Data show higher-than-expected rates of duodenoscope contamination

While the number of medical device reports associated with patient infections has declined by 62% since peaking in 2015, the FDA and duodenoscope manufacturers continue to address issues around device reprocessing.

Despite ongoing efforts to improve duodenoscope reprocessing, preliminary data from postmarketing surveillance studies conducted by all three U.S. duodenoscope manufacturers indicated “higher-than-expected” contamination rates after reprocessing, the FDA announced in a Dec. 10 safety communication.

After reprocessing, up to 3% of properly collected samples tested positive for more than 100 colony-forming units of organisms that are unlikely to cause serious infections, an indication of a reprocessing failure. Another 3% of samples tested positive for organisms of high concern, such as Escherichia coli and Staphylococcus aureus. The manufacturers (Olympus, Fujifilm, and Pentax) are conducting root-cause analyses to better understand these preliminary culturing results.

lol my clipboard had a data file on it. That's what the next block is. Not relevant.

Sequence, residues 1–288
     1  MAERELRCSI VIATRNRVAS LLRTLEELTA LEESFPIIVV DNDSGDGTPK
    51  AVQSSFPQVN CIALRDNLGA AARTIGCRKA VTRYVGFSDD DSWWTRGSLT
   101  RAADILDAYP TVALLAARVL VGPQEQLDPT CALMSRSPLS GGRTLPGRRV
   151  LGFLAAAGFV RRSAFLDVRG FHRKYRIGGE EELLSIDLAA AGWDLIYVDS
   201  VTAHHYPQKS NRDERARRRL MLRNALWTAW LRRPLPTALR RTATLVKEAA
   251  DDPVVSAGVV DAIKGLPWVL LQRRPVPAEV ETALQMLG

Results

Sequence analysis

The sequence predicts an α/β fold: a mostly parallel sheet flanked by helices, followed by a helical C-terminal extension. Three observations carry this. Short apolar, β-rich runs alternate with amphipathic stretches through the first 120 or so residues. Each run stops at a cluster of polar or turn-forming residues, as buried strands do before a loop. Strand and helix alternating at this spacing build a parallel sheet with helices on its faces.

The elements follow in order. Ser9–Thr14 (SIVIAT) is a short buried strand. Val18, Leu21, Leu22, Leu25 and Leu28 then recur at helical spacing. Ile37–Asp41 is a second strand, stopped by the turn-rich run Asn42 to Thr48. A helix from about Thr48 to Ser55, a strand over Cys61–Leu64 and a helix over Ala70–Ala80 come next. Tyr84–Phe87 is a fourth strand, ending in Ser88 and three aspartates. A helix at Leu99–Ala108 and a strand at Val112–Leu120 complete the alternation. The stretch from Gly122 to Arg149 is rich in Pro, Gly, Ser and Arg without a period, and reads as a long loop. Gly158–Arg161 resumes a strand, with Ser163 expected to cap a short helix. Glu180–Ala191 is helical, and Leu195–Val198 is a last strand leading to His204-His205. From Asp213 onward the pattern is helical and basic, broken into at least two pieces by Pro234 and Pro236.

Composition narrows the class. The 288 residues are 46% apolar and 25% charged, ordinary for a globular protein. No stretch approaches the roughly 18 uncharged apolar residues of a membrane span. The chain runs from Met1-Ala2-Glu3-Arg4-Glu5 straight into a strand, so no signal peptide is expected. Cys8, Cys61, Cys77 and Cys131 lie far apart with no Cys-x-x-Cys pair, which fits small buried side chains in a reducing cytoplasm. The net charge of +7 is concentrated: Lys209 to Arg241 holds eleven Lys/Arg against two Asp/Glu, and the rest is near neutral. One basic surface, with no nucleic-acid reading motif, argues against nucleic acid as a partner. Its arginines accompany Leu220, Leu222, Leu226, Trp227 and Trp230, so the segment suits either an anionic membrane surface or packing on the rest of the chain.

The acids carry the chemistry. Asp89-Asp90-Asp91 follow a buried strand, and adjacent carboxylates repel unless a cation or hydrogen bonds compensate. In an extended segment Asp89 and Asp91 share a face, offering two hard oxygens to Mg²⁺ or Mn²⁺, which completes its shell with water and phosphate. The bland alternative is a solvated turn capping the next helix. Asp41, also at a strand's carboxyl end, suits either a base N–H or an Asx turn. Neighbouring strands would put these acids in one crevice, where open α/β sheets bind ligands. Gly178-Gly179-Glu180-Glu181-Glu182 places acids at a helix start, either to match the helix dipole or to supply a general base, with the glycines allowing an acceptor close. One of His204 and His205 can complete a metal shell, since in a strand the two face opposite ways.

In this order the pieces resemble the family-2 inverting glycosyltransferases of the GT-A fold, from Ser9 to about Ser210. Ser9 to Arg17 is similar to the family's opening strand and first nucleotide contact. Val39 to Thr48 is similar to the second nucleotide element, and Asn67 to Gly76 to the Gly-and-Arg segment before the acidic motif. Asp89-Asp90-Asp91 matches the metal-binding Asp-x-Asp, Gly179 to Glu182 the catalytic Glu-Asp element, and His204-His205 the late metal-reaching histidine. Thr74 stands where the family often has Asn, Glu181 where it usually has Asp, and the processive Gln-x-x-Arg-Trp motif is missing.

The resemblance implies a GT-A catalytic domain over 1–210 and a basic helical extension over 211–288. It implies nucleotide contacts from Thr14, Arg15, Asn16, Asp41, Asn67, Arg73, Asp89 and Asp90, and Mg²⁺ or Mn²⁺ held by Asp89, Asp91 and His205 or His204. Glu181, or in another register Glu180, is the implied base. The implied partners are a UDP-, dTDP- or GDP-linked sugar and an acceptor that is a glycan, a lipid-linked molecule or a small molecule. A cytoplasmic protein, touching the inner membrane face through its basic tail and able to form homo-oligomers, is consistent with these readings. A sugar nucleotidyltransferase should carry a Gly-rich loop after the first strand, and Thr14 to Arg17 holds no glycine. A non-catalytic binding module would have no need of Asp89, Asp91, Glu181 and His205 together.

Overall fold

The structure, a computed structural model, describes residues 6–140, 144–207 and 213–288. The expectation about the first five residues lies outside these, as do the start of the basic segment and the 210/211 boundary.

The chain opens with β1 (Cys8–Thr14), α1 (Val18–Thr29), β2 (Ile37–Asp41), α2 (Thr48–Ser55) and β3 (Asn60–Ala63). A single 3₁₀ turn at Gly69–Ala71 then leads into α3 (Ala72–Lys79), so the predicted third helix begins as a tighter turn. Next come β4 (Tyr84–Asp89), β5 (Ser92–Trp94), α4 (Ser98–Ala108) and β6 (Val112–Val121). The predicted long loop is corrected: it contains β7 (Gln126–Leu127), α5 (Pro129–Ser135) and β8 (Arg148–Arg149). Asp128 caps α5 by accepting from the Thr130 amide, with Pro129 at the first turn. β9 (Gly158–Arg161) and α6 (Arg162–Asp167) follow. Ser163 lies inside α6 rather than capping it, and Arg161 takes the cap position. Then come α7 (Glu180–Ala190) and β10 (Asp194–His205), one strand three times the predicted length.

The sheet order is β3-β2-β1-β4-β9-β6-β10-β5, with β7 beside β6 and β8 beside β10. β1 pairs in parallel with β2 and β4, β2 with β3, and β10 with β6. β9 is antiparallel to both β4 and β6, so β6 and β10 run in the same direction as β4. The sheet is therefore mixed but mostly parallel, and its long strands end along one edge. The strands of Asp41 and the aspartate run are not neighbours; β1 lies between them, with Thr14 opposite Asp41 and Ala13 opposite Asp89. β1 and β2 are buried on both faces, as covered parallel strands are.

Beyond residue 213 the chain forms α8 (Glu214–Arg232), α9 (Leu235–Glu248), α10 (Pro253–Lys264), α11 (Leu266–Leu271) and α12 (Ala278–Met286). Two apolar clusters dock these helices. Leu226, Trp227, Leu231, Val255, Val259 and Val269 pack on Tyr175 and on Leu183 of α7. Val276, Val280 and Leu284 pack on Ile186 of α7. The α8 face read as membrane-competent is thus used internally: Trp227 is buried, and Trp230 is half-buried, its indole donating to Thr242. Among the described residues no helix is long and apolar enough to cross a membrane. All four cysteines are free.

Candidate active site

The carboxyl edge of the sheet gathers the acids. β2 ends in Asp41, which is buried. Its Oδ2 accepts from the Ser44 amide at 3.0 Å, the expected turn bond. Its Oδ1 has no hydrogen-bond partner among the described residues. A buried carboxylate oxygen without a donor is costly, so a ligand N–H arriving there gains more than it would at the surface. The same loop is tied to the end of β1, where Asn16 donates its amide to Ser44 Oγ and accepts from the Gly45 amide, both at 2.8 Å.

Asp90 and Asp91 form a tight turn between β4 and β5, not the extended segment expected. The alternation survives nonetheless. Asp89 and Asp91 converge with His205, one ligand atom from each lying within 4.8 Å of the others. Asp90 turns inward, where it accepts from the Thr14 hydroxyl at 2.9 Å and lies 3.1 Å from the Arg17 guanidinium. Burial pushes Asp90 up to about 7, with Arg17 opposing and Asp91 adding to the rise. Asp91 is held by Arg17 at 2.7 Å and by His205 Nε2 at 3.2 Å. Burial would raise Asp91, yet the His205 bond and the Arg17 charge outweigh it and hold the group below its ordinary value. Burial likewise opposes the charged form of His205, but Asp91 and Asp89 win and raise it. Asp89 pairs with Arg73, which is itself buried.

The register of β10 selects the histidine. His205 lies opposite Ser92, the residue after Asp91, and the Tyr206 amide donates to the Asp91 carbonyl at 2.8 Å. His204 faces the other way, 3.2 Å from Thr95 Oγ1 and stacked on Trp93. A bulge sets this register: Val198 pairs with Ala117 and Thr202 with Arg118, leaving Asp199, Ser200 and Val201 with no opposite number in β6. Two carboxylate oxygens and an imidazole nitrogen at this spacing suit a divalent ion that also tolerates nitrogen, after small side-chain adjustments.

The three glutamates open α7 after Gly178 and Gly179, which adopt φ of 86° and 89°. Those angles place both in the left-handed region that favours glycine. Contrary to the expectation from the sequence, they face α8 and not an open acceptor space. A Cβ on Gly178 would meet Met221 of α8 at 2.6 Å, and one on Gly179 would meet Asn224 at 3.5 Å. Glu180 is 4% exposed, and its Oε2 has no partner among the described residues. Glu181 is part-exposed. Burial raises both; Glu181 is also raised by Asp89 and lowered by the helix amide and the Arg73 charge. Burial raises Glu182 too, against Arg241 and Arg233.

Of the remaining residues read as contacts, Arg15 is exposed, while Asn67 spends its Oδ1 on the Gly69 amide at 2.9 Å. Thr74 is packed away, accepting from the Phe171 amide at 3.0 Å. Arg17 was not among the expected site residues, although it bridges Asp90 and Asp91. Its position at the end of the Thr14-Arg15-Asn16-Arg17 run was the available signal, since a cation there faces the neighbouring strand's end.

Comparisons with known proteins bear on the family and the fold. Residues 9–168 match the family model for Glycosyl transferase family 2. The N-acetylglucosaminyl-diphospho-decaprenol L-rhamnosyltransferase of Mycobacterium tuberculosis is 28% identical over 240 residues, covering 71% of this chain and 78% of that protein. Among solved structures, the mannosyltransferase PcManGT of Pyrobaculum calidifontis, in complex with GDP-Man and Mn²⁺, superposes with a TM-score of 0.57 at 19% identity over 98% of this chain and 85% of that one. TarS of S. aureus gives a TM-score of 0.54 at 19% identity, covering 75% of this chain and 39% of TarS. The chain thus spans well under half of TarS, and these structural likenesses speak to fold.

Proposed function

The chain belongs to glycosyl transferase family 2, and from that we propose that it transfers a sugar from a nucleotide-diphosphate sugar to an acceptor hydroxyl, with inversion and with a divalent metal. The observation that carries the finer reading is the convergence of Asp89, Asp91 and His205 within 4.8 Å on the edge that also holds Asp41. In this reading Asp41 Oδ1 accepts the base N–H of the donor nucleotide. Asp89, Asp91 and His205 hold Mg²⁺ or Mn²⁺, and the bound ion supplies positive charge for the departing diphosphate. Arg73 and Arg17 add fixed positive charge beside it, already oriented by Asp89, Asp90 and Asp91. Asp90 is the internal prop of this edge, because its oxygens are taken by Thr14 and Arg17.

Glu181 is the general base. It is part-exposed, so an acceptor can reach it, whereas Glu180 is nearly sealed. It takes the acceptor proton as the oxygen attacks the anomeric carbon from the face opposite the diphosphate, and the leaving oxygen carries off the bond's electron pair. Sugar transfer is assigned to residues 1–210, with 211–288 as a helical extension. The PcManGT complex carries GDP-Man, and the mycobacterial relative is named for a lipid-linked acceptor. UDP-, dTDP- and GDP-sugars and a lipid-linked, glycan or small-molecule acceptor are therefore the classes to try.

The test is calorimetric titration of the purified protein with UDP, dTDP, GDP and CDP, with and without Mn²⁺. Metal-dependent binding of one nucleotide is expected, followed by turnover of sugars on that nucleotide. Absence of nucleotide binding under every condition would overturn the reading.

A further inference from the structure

In a statement, the FDA emphasized that an individual patient's risk of acquiring an infection from an inadequately reprocessed medical device remains relatively low, considering the large number of these devices in use. A recent analysis of medical device reports showed that the number of reports associated with patient infections peaked at 250 reports in 2015 and has declined by 62% to fewer than 100 reports per year in 2017 and 2018, the agency noted. “We are hopeful that this decline is the result of a successful effort on the part of health care facilities to implement our enhanced safety measures,” the statement said.